Metamorphose rates for sea slugs exposed to different water samples
A dataset with 36 observations on the following 2 variables.
||Minutes after tide come in|
||Proportion of 15 sea slug larvae that metamorphose|
Sea slugs, common on the coast of southern California, live on vaucherian seaweed. The larvae from these sea slugs need to locate this type of seaweed to survive. A study was done to try to determine whether chemicals that leach out of the seaweed attract the larvae. Seawater was collected over a patch of this kind of seaweed at 5-minute intervals as the tide was coming in and, presumably, mixing with the chemicals. The idea was that as more seawater came in, the concentration of the chemicals was reduced. Each sample of water was divided into 6 parts. Fifteen larvae were then introduced to this seawater to see what percentage metamorphosed (an indication that the desired chemical was detected).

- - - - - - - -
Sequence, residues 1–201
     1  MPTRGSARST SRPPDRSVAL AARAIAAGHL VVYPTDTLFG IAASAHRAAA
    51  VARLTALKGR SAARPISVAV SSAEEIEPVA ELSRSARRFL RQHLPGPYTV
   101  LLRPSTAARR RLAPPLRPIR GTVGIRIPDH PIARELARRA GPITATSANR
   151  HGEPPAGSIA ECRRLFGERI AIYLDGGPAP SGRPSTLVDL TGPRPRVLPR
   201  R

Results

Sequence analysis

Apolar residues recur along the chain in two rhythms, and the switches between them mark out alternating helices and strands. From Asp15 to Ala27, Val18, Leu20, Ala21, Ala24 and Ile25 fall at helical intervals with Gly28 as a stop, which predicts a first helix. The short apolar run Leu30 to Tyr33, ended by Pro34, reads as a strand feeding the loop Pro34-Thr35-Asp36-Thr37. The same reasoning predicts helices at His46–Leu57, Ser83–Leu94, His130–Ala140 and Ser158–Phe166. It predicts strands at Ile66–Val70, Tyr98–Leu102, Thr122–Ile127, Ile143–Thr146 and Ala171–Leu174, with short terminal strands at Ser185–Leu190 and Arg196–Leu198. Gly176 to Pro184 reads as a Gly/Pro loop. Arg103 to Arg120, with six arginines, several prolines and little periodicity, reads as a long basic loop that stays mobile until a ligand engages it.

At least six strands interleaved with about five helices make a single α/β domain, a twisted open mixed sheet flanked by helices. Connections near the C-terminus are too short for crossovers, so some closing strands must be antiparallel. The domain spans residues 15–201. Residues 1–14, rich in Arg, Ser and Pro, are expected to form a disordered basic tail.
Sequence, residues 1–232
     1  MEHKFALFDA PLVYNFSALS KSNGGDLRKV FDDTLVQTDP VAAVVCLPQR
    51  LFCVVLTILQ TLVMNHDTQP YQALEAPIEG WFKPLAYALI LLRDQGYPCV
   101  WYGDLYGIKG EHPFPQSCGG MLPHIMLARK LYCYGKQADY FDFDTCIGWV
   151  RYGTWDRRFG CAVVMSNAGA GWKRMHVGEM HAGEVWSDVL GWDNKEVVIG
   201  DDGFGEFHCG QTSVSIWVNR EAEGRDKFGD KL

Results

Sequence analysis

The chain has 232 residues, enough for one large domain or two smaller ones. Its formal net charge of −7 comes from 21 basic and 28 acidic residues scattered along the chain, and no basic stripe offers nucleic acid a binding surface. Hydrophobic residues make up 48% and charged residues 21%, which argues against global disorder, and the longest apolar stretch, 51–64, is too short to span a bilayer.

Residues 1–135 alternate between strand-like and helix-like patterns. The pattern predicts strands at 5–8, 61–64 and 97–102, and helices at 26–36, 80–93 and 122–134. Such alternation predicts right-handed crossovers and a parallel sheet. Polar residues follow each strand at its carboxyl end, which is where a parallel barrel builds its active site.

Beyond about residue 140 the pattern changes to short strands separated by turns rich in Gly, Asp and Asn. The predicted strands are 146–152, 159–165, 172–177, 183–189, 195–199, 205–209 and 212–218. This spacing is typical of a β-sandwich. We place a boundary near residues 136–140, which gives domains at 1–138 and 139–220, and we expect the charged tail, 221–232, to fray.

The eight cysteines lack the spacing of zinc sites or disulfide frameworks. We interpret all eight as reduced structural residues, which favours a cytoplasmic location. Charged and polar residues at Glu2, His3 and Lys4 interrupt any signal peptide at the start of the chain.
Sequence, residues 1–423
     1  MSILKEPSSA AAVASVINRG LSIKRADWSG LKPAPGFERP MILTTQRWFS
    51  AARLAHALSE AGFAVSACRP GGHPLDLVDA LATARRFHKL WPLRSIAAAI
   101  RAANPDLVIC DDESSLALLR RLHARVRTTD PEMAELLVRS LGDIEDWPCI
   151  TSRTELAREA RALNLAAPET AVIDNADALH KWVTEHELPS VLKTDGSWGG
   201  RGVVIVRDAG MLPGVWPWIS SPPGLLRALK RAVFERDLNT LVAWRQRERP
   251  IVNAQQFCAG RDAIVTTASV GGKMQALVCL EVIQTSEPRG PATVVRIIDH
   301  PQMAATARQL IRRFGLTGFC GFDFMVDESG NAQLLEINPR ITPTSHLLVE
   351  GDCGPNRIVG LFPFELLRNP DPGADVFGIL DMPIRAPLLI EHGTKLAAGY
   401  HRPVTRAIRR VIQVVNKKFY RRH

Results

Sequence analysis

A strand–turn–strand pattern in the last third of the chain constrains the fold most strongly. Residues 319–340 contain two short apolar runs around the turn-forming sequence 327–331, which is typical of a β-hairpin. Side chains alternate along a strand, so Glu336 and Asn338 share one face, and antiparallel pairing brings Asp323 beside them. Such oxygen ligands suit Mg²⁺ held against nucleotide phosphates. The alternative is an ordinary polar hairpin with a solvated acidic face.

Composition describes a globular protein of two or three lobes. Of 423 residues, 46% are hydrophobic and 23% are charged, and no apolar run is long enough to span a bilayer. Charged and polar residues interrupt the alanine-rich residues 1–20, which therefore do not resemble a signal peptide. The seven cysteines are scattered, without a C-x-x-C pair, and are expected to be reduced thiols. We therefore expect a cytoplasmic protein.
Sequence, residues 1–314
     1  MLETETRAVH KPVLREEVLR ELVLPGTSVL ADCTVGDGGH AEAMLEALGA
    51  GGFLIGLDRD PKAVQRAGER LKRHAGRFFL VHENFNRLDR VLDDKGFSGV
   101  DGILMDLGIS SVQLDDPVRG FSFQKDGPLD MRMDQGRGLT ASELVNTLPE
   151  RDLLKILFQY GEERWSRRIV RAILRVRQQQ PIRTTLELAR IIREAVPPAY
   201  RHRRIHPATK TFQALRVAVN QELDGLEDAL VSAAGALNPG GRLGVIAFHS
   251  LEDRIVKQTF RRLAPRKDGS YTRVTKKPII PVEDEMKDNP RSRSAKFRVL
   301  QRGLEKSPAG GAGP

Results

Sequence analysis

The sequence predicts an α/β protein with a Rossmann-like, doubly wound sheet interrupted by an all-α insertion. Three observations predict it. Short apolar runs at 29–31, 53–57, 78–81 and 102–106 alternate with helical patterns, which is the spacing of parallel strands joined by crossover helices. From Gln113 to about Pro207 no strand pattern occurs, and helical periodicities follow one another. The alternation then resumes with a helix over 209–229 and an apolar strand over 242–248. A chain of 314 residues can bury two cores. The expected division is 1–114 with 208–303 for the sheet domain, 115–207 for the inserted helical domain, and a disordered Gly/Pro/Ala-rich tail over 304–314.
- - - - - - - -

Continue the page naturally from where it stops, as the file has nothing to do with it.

Data downloaded from http://www.stat.ucla.edu/projects/datasets/seaslug-explanation.html
A paper based on these data: Krug, P.J. and R.K. Zimmer. 2000b. Larval settlement: chemical markers for tracing production, transport, and distribution of a waterborne cue. Marine Ecology Progress Series, vol. 207: 283-296.
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